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Faulty Cable To Blame For Superluminal Neutrino Results 414

smolloy writes "It would appear that the hotly debated faster-than-light neutrino observation at CERN is the result of a fault in the connection between a GPS unit and a computer. This connection was used to correct for time delays in the neutrino flight, and after fixing the correction the researchers have found that the time discrepancy appears to have vanished."
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Faulty Cable To Blame For Superluminal Neutrino Results

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  • This isn't definite (Score:5, Informative)

    by JoshuaZ ( 1134087 ) on Wednesday February 22, 2012 @06:20PM (#39130543) Homepage
    There's no definite statement from OPERA or CERN yet. Right now this is just a rumor. This also is definitely not the first suggested explanation. Let's wait and see.
  • Re:Headline is wrong (Score:4, Informative)

    by ceoyoyo ( 59147 ) on Wednesday February 22, 2012 @06:33PM (#39130695)

    Don't believe everything you read in a summary. They found a loose cable that could have caused the delay. They're checking now. Despite the slashdot headline and summary, nothing has been confirmed.

  • by gstrickler ( 920733 ) on Wednesday February 22, 2012 @06:44PM (#39130831)

    The cable transmitted the signal 60ns faster than the time used in their compensation. I wouldn't call that defective.

    Either the cable is shorter than they thought, or it's propagation factor is higher than specified, or they simply used the wrong number in their original calculations.

    Way too early to blame anything on the cable manufacturer.

  • Re:Headline is wrong (Score:4, Informative)

    by UnknowingFool ( 672806 ) on Wednesday February 22, 2012 @06:49PM (#39130883)
    He meant the original results showing FTL have not been reproducible by anyone other than the original team. It seems that after fixing the cable, the original team has been unable to reproduce the same results of the original test. Hence, FTL results were most likely due to the cable.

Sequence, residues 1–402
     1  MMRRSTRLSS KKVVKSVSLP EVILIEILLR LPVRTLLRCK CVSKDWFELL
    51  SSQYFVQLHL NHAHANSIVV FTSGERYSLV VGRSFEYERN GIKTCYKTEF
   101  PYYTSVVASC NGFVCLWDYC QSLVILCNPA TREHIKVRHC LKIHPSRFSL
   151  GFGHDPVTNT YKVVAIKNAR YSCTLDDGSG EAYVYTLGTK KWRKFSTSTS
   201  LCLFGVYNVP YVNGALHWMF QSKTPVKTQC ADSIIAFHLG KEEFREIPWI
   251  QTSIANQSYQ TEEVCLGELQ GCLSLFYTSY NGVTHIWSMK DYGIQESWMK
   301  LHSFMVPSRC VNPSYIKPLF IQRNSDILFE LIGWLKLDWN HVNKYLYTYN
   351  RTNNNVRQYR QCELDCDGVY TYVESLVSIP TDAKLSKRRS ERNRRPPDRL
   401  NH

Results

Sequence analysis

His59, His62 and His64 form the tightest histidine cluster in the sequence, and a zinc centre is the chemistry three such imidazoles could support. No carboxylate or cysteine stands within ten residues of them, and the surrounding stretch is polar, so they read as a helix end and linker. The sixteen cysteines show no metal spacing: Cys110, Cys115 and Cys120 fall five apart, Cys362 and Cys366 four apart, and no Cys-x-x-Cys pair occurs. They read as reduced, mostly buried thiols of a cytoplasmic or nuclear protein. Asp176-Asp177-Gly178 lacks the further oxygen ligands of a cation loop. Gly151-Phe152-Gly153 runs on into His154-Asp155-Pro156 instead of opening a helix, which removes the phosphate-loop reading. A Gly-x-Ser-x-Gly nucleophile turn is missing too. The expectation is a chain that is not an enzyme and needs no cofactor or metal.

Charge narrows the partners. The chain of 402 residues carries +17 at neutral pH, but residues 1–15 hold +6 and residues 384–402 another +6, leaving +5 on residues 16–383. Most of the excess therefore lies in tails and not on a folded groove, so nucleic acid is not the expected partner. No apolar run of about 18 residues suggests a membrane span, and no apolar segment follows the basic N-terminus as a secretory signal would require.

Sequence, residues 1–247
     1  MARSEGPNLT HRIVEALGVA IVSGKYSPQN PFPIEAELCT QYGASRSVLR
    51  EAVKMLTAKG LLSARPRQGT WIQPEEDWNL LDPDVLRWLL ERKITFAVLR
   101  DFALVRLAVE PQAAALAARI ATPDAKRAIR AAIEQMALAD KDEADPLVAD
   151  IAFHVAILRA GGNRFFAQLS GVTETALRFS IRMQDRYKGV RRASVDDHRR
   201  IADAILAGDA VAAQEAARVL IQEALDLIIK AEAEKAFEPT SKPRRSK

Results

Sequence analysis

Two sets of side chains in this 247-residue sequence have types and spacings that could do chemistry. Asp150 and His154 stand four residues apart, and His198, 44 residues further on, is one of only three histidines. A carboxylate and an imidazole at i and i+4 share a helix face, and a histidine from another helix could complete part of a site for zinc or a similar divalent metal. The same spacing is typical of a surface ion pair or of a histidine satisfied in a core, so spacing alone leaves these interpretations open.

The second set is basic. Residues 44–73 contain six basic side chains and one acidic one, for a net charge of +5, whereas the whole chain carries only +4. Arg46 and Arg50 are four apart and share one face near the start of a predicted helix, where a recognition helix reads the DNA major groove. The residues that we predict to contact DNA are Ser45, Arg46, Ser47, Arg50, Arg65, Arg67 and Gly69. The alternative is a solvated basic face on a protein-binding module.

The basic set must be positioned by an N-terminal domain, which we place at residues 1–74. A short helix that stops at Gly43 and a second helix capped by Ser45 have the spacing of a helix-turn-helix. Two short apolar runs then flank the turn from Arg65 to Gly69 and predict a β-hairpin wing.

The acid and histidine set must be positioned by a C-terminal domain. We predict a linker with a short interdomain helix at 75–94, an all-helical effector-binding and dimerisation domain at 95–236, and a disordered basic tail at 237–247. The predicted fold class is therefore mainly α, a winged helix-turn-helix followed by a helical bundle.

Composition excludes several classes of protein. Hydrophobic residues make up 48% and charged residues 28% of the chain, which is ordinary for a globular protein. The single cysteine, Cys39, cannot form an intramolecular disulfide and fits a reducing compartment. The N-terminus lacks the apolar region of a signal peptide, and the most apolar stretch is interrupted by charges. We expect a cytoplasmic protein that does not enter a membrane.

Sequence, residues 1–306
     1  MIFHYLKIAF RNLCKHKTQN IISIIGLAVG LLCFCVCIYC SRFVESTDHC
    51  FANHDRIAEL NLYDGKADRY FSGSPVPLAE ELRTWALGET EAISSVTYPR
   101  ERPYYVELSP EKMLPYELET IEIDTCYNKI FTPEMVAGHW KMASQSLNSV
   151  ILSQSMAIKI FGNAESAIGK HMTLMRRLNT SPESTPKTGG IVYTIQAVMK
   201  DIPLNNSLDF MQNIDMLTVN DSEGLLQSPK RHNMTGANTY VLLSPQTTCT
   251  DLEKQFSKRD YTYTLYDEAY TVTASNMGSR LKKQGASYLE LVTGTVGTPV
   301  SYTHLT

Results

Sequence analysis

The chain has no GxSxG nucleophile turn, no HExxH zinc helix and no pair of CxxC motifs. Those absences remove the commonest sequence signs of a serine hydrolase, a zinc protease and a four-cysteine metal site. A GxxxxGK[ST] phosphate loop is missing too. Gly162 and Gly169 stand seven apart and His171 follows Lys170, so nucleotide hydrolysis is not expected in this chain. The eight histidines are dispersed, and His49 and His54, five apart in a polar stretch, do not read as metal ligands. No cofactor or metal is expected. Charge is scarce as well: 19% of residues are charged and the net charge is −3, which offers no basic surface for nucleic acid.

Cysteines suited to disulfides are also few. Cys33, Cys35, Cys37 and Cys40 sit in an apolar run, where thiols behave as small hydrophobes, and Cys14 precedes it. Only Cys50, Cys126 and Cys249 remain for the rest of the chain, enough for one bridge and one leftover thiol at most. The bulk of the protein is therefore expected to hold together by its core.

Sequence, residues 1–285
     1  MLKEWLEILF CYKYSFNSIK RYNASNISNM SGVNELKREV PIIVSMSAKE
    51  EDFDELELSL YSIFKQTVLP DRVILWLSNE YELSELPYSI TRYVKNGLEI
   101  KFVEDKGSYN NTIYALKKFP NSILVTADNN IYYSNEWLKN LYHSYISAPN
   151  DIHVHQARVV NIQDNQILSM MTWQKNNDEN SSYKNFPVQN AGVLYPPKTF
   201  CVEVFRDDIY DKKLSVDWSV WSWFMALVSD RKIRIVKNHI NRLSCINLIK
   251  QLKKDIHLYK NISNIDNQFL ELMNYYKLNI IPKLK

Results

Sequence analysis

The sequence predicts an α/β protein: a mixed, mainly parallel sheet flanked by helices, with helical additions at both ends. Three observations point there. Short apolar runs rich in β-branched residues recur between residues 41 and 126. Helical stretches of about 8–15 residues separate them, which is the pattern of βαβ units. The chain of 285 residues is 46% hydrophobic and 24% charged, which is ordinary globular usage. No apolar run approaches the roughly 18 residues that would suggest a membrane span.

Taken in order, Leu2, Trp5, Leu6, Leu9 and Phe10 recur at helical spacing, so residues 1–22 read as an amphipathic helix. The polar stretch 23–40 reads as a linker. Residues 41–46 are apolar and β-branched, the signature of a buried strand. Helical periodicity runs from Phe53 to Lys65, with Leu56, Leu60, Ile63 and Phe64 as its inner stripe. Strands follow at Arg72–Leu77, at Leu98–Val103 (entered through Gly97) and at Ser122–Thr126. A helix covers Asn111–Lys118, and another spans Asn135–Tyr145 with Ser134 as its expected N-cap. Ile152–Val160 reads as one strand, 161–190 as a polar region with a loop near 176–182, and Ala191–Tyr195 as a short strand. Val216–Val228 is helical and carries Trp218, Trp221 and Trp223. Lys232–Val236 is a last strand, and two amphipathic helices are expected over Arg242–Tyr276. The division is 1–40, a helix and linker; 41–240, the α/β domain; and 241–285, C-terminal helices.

• by Chris Burke ( 6130 ) on Wednesday February 22, 2012 @07:09PM (#39131067) Homepage

    Uh many, many people predicted that it would turn out not to be true. An error was considered the most likely explanation from the beginning, even by the publishers.

    And much like the XKCD author, everyone who predicted that it wouldn't be true would have been ecstatic to be wrong.

    What I find much more amusing is all the people who instantly jumped on the result and assumed it was true and proof of whatever they wanted it to be proof of -- from 'science is all a lie' to 'my replacement for Relativity which The Man has stifled is now proven correct!'

  • by NEDHead ( 1651195 ) on Wednesday February 22, 2012 @07:25PM (#39131271)

    even if the propagation was at the speed of light through the cable, it would mean about a 60 length discrepancy. Unlikely to be missed

  • by ananyo ( 2519492 ) on Wednesday February 22, 2012 @07:44PM (#39131449)
    It's more than a rumour, as this later report from Nature [slashdot.org] makes clear. There is an OPERA statement circulating today that suggests two potential problems with the set-up. One is the one reported here - the cable issue - the second is a problem with "the experiment’s pioneering use of Global Positioning System (GPS) signals to synchronize atomic clocks at each end of its neutrino beam". But you're right - they haven't made a public statement yet nor been able to quantify yet the contribution of each to the potential error. It doesn't look good for them though.
  • Re:Face it (Score:5, Informative)

    by sneakyimp ( 1161443 ) on Wednesday February 22, 2012 @08:17PM (#39131743)

    Ahem. *bullshit*.

    The heliopause, which has not yet been reached by Voyager 1 is apparently 23 x 10^9 km [universetoday.com] from earth. Alpha Centauri [wikipedia.org], the nearest star to our sun is 4.366 light years away which is 4.1306 x 10^13 km away.

    If it has taken 38 years for Voyager 1 to reach the Heliopause, it would take 1,795.9 times as long to reach Alpha Centauri at that speed which comes out to something like 68,000 years. I'm assuming a couple of things of course:
    * the speed so far is roughly the speed it will continue to travel